Hofstadter butterfly in Moiré superlattice

Electrons in crystals experience an electric potential with the periodicity in the order of lattice constant, described by Bloch electrons. The band structure of non-interacting two-dimensional electrons is further modified when exposing the lattice in a magnetic field. Back to 1976, Hofstadter firstly calculated the band structure of Bloch electrons in magnetic fields, giving a fractal spectrum, later called Hofstadter butterfly. Experimentally, physicists have struggled to observe this butterfly because a very large magnetic field (in the order of 104 T) is needed due to the small lattice periodicity in conventional crystal lattices.

When two layers of atomically thin materials with similar lattices are stacked together, a periodic long-rang pattern called Moiré superlattice is generated. Such superlattice has been observed in several 2D heterostructures, such as graphene/h-BN and twisted graphene. The large Moiré wavelength (10-100 nm) reduces the magnetic field needed to observe Hofstadter butterfly to about 10 T, which can be easily achieved in normal laboratory. The title image shows the beautiful Hofstadter butterfly observed in magic-angle twisted double bilayer graphene.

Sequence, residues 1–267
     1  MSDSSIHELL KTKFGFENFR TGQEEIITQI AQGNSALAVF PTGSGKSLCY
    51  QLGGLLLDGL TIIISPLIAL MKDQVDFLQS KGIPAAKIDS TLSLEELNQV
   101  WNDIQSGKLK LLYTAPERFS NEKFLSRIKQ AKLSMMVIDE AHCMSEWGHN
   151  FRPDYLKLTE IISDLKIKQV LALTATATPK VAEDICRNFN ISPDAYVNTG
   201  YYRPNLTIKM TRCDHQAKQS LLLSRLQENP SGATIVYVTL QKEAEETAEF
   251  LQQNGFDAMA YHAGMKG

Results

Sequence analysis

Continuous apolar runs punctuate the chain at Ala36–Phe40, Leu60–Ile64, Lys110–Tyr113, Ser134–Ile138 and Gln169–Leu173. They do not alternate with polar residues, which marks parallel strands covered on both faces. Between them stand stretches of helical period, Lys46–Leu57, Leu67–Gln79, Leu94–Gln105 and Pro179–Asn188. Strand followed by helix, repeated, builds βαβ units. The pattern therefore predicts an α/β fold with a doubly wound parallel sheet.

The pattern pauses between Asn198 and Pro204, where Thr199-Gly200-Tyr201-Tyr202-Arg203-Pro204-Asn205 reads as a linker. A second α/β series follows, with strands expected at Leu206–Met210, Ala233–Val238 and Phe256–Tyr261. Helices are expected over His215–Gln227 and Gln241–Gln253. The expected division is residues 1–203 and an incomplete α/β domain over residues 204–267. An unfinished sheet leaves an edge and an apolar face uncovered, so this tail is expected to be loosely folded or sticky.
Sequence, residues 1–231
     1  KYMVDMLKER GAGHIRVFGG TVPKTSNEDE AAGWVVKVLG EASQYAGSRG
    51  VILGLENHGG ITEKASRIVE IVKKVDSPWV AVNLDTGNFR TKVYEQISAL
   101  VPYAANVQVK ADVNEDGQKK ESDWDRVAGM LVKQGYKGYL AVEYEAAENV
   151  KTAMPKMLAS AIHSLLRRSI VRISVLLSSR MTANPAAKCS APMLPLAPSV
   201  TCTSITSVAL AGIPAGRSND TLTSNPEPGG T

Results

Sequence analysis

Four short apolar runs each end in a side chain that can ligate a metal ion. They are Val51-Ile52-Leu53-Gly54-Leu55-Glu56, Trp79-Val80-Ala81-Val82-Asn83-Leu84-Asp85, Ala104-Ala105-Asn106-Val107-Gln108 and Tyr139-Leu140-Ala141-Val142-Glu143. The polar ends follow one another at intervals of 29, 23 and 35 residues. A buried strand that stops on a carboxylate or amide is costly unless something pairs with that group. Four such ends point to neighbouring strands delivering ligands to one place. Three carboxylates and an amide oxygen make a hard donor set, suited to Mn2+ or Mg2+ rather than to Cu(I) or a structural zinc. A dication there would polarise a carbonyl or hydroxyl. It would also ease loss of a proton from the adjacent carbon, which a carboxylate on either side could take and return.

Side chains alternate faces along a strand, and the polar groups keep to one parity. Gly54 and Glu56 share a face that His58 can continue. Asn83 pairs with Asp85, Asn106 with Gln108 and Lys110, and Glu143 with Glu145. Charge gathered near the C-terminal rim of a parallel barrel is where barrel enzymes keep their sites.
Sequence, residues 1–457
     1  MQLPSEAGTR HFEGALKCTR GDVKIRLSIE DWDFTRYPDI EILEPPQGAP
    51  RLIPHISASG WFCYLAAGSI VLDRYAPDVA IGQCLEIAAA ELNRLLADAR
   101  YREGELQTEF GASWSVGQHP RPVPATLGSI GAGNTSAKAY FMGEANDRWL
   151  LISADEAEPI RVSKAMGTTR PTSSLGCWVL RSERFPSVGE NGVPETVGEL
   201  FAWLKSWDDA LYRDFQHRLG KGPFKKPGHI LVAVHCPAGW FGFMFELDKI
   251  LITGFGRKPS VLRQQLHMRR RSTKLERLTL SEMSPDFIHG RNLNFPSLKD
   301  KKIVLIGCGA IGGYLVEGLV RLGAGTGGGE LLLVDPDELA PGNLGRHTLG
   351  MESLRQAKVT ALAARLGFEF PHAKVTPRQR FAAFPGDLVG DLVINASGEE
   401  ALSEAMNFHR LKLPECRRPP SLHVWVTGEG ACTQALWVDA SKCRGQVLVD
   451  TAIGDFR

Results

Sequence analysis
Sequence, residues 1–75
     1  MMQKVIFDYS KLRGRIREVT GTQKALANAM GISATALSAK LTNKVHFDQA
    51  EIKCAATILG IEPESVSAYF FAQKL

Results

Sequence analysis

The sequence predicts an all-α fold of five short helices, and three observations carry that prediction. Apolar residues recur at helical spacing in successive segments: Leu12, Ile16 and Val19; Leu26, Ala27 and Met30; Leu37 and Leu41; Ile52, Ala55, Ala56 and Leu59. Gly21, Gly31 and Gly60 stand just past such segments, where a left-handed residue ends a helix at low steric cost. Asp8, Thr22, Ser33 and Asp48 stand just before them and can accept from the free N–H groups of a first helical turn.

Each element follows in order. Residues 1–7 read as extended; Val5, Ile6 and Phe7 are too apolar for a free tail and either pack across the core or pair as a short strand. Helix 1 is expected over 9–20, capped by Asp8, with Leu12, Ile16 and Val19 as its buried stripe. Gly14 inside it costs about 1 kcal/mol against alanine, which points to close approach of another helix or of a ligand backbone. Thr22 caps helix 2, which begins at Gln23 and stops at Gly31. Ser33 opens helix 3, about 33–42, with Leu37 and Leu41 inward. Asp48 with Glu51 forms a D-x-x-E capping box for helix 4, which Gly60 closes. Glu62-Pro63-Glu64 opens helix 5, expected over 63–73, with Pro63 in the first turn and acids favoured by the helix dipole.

[1]. L. A. Ponomarenko, et. al., “Cloning of Dirac fermions in graphene superlattices”, Nature, 497, 594-597, (2013).

[2]. C.R. Dean, et. al., “Hofstadter’s butterfly and the fractal quantum Hall effect in moiré superlattices”, Nature, 497, 598-602, (2013).

[3]. B. Hunt, et. al., “Massive Dirac fermions and Hofstadter butterfly in a van der Waals heterostructure”, Science, 340(6139), 1427-1430, (2013).